By Sean Zucker –
Food waste is without a doubt a major problem. The Natural Resources Defense Council (NRDC) reports as much as 40 percent of the food in the United States is currently wasted. All the while, one in eight Americans struggle with food scarcity. Why such waste? Plenty of reasons.
“Households toss limp vegetables. People are confused by food date labels. Restaurants often serve massive portions and trash leftovers. Grocery stores overstock their shelves to maintain an image of abundance. Farmers are unable to sell produce that doesn’t look perfect,” the NRDC explained.
The unfortunate impact extends beyond hungry families. Due to the level of energy and resources committed towards growing, processing, transporting and ultimately disposing of all this wasted food, it also takes a toll on the environment.
“Most wasted food ends up in landfills, where it generates methane, a greenhouse gas that is up to 86 times more powerful than carbon dioxide,” the council warned.
The battle against waste likely needs a multidimensional solution. In the meantime, one emerging startup believes it has devised a tool to at least stop the bleeding. It’s called Too Good To Go.
“We dream of a planet with no food waste, and every day we’re working on making that a reality,” the company site’s laments.
The pitch is simple—connect customers who want discounted food with restaurants that have extra. Founded in 2016, Too Good To Go claims to have saved more than 70 million meals over its first five years and now boasts more than 36 million global users and nearly 87,000 participating restaurants worldwide.
The digital platform makes grub hunting quick and easy, with one minor catch. “Our app is the most direct way for you to get involved—just download, log on and get saving perfectly good, surplus food from your local stores. It’s always a surprise, at a great price, and an instant good deed for the planet,” the company’s site explains.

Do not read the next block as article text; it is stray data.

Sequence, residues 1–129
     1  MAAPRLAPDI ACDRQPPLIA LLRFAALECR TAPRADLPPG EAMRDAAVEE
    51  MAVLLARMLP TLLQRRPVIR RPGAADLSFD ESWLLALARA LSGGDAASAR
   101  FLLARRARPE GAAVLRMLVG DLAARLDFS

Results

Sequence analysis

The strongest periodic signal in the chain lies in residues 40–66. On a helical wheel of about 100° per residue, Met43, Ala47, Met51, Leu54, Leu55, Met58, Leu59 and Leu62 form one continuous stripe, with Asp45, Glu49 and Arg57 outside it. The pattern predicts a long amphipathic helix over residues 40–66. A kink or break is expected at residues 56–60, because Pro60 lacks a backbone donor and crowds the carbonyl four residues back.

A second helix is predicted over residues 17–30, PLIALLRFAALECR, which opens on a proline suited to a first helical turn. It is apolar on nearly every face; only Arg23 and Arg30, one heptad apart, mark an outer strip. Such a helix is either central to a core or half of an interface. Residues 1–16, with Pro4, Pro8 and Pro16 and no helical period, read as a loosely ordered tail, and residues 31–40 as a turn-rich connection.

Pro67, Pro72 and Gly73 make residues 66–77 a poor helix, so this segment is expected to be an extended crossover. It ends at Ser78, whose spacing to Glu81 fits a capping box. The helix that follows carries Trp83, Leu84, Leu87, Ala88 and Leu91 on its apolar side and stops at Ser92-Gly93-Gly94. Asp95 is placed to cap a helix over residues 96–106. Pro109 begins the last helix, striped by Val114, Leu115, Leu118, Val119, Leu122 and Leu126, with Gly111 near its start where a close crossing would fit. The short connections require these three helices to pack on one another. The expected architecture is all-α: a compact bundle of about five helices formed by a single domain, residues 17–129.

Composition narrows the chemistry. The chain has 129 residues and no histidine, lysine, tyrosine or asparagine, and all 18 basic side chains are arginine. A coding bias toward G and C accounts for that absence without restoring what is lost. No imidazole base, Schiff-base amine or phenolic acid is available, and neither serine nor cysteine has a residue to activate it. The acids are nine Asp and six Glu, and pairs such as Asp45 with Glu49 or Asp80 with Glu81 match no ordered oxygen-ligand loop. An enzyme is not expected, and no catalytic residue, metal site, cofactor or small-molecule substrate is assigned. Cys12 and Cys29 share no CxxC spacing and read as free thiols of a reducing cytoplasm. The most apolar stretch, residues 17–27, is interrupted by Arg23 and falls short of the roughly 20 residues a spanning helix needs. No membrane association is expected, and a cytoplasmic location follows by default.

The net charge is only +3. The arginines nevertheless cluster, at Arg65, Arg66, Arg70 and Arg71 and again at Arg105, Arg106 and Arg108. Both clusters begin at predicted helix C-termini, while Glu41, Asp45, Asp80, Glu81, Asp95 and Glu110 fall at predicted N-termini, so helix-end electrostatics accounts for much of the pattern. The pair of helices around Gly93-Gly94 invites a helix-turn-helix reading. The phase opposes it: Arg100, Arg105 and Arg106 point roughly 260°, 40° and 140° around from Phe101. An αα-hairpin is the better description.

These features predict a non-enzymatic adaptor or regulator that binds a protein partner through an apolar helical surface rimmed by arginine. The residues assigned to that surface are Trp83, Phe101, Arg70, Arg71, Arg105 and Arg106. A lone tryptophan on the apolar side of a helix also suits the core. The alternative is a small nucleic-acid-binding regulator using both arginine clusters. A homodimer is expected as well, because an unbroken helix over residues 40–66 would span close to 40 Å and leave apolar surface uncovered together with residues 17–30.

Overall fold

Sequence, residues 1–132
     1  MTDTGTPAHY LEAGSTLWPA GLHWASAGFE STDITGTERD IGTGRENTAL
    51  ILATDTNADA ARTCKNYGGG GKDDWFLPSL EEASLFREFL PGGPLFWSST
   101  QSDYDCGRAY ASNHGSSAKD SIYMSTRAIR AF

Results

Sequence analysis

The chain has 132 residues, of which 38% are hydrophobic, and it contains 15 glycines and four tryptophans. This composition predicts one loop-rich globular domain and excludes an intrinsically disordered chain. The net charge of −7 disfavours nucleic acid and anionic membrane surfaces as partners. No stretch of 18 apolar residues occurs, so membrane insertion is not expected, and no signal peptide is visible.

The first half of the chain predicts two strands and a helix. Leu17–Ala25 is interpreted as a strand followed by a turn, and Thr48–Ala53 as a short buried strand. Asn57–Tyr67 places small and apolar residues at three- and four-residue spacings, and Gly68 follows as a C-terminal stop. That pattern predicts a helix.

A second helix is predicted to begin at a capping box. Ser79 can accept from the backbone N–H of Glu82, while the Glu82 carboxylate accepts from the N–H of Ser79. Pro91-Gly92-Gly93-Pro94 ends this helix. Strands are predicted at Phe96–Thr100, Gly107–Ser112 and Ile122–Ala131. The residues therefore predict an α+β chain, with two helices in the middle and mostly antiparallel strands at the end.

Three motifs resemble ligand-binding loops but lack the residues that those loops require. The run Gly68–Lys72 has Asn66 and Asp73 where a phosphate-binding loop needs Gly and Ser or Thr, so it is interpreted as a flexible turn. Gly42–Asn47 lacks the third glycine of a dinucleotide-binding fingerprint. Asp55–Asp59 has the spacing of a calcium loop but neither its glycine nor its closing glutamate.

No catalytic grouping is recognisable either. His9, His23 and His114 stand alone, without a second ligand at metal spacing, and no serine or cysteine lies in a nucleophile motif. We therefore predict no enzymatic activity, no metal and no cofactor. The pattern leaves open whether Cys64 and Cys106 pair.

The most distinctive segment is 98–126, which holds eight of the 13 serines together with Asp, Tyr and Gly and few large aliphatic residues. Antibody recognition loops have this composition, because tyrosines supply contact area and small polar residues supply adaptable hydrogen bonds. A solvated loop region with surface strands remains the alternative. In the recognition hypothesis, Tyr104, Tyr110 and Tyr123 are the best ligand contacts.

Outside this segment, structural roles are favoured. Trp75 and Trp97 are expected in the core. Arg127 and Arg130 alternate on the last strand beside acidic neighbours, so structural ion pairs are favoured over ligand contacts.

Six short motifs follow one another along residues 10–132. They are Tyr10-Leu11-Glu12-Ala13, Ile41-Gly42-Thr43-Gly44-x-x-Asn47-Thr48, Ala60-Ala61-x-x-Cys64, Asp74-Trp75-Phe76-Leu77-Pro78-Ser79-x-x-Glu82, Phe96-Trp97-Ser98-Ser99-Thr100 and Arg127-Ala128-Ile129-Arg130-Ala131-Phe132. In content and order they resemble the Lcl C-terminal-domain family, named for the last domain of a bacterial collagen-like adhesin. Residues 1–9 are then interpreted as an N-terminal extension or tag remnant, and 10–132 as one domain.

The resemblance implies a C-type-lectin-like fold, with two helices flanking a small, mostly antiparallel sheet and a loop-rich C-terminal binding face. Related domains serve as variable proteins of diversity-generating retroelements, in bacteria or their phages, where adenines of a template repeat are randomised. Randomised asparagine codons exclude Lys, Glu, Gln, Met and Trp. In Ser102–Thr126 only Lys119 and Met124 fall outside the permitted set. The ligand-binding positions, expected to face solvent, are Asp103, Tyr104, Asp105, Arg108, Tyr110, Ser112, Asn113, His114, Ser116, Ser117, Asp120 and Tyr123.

That’s right, the food you get is always a surprise.
On the app, customers place an order by selecting a restaurant on the app then picking up a mystery bag of food at its location. Generally, orders fall between $4 and $6 but customers have no say in what they receive, only who’s providing the food.
While the concept may not work for everybody, Alex Bush, a 28-year-old Too Good To Go user in New York gave the overall experience a thumbs up. “I’ve been surprised by places,” he recently told CNN Business, “I reached outside my comfort zone and have fallen in love with it.”
As for the how the restaurants fare, many seem to really enjoy it. Nicolas Dutko, founder of the French cafe Tartinery in Manhattan, shared his delight with the app to Eater. “We never know what we might have, and for me this was really a game change,” he said before adding that having the option of not committing to specific items also makes it easier for cafe staffers to coordinate bag handoffs to customers at the end of the day.
Dutko explained that while he doesn’t profit from the sales, he is able to cover the cost of the food itself which previously would have been lost costs.
“It’s a win-win for customers and restaurateurs,” he declared.